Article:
7

In Pokémon games, there are a number of different Poké Balls: Poké Balls, Ultra Balls, Master Balls, etc.

In the anime, do we ever get an explanation of how different types of Poké Balls work, and the differences of better ones?

  • 1
    The show, movies (theatrical and tv) and OVAs all follow and precede the games (video games and card games), and are fairly consistent in the technology. This is completely on topic. Just because the franchise started as a video game does not make it off topic. The show does feature and explain a lot that the game does not, including the PokéBalls. – cde Aug 11 '16 at 3:10
  • I cleaned up your question a bit. If I made any changes you don't like, feel free to edit the question again. – Thunderforge Nov 21 '16 at 6:55
5

First off, we'll ignore unusual, villain-only Poké Balls like Mewtwo's "Clone Balls" or the Iron-Masked Marauder's Dark Balls because they don't appear in the games and are only used in one episode or movie. They almost always come with some sort of unethical quality (e.g. the Dark Balls make a Pokémon evil) and only exist to establish how threatening the villain can be.

In the anime, a number of Pokéballs just have aesthetic improvements, like diamonds or symbols, but are functionally the same. The first Poké Ball with a different name that we see are the Safari Balls in Episode 35 (an episode that did not get translated into English, but was called "ミニリュウのでんせつ The Legend of Miniryu [Dratini]" in Japanese). In all honesty, these seem to be just branded Poké Balls used only in the Safari Zone. Nothing is functionally special about them.

Safari Ball

The next is the GS Ball, which was originally going to contain Celebi. Then when it was decided that the fourth Pokémon movie was going to feature it, the plotline was dropped as redundant and Ash forgot about it after giving it to Kurt. It was never used to capture a Pokémon.

GS Ball

The Generation 2 Apricorn balls, created by Kurt, were featured in the anime and had all the variants they did in the game (Love Ball, Heavy Ball, Lure Ball, etc).

Apricorn Poké Balls

The other specialty balls (e.g. the ones introduced in Generation 3) have never been mentioned and have only occasionally appeared as cameos, notably the Japanese credits song for Diamond and Pearl "Which One ~ Is It?".

In the movie Pokémon 4Ever - Celebi: Voice of the Forest, Ash time travels into the past and meets Sammy, who has an old Poké Ball that requires one to unscrew the top to let a Pokémon out. Unfortunately, we don't see it capture a Pokémon, so we don't know how effective it is.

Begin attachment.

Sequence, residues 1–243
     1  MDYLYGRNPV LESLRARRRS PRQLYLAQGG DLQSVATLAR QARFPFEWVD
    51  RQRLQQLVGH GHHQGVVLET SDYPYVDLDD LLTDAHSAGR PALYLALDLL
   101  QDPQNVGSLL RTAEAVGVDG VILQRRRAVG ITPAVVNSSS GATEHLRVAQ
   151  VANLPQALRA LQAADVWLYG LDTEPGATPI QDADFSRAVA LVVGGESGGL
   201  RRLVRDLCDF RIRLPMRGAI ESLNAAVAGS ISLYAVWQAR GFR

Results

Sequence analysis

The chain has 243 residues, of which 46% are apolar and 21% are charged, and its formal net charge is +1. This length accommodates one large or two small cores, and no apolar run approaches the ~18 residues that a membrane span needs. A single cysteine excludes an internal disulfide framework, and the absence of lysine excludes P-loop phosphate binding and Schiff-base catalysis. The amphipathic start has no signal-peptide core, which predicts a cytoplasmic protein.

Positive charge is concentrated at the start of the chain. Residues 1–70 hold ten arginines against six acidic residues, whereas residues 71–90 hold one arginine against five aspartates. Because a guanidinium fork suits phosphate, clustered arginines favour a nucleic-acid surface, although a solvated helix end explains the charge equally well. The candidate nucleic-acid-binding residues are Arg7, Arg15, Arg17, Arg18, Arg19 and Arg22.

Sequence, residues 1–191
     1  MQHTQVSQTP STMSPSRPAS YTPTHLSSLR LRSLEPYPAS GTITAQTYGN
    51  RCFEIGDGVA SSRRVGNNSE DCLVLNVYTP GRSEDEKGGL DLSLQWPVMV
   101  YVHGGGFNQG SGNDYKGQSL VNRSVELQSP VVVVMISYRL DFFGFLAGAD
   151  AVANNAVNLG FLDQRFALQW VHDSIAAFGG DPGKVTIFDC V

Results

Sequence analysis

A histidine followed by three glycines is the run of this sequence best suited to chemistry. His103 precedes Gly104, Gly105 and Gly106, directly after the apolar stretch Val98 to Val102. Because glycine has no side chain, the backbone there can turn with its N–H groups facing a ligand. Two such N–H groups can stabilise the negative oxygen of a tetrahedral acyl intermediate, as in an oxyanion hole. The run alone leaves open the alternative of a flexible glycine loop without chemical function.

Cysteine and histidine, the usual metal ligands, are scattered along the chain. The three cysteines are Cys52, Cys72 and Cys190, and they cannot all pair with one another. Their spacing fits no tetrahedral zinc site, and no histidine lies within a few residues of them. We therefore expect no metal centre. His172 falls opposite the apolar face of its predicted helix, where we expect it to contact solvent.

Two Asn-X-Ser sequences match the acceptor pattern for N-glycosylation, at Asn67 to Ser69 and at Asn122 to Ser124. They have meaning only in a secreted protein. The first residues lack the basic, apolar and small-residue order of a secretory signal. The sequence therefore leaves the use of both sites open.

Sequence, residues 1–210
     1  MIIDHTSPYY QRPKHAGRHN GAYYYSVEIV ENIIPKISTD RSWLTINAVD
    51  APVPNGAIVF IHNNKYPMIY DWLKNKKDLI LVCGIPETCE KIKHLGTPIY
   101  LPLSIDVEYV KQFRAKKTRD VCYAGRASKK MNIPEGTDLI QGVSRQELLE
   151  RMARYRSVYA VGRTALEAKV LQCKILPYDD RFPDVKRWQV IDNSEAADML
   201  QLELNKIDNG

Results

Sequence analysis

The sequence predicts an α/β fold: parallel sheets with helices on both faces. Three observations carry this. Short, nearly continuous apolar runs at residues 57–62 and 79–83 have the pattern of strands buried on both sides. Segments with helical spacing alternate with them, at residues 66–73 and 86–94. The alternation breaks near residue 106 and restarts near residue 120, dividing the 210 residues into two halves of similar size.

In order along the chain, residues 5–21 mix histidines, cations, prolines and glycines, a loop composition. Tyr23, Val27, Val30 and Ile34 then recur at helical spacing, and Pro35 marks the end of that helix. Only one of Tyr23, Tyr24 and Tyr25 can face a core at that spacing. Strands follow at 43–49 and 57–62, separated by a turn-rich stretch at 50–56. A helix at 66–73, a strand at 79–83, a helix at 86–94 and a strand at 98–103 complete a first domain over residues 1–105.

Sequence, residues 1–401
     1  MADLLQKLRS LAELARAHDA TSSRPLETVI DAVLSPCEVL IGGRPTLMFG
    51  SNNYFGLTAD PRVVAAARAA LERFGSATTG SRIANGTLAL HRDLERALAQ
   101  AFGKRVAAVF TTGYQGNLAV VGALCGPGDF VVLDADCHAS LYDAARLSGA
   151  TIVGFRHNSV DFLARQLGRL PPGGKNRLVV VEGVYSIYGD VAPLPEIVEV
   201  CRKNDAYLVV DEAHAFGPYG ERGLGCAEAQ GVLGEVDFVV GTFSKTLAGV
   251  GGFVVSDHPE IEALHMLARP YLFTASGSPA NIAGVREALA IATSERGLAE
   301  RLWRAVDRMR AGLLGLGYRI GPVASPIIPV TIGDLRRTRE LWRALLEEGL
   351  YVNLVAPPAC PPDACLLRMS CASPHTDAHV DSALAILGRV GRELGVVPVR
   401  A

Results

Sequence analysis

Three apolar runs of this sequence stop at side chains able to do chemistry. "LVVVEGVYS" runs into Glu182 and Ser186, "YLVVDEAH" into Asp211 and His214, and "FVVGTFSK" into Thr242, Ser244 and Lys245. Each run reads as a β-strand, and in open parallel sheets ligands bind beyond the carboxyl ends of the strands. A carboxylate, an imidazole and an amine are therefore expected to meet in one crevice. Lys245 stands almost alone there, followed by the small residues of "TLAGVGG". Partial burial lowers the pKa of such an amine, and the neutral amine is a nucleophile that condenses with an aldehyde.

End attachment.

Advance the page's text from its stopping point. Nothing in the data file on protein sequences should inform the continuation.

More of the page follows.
Sammy Old Poké Ball

The Master Ball, which in the games can catch anything, made its only appearance in the Advanced Generation Episode 75 "Whiscash and Ash". A fisherman named Sullivan has been going on a Moby Dick-style hunt to catch a Whiscash that he has nicknamed "Nero". When he finally corners it, Sullivan draws out a Master Ball, which shocks everyone. He tosses it at Nero and it swallows it whole and then runs away. Yup. A Master Ball, which can capture any Pokémon, failed to capture a Pokémon because it swallowed it! Sullivan was quite understandably angry.

Master Ball

The Great Ball and Ultra Ball finally appear in XY Episode 79 "A Frenzied Factory Fiasco!". Despite being in Generation 1, it took 878 episodes for a Great Ball and Ultra Ball to appear in the anime! The heroes go to a Poké Ball factory and see them being created on the conveyor belt along with most of the other non-Apricorn variant Poké Balls. However, none of them are used except for a Luxury Ball. Meowth almost gets captured in one, stating that it felt really nice inside.

Ultra Balls on conveyor belt

So to recap, the only Poké Balls that we have seen used are:

  • Regular Poké Balls
  • Safari Balls, which appear to be functionally identical to Poké Balls
  • The Apricorn Balls, which had their special effects detailed
  • The Master Ball, which failed to capture a Pokémon
  • The Luxury Ball, which feels very nice for the Pokémon inside

Although the other Pokéballs exist, they appear to be much rarer and we have never actually seen them used, so it's not clear how much better they are.

It's likely that the reason that regular Pokéballs are almost exclusively used, rather than these specialty balls, is because it's more difficult for the animators to be consistent with the Pokémon coming out of special Pokéballs. Indeed, quite a few episodes have animation errors where Pokémon caught in Generation 2 Apricorn balls (e.g. Ash's Totodile) are released from regular Pokéballs. In the early days, there was a lot of reused footage as well and if you have Pokémon coming out of different types of balls, then you can't reuse your footage. It seems the animation team just decided that it's easier to have all Pokémon come out of the same type of Pokéball.

  • First off, we'll ignore unusual, villain-only Poké Balls like Mewtwo's "Clone Balls" or the Iron-Masked Marauder's Dark Balls. Why? – cde Dec 29 '16 at 5:54
  • 3
    @cde They aren't in the games and they are one-off plot devices. I've added that to the answer. Since the question is framed in relation to the video games, I don't really see the value in discussing them. Heck, most of them are just "bad guy can capture any Pokémon without battling them and it turns them evil", which is radically different from how normal Pokéballs work and just exist to show how evil the bad guy is. – Thunderforge Dec 29 '16 at 5:58

You must log in to answer this question.

Not the answer you're looking for? Browse other questions tagged .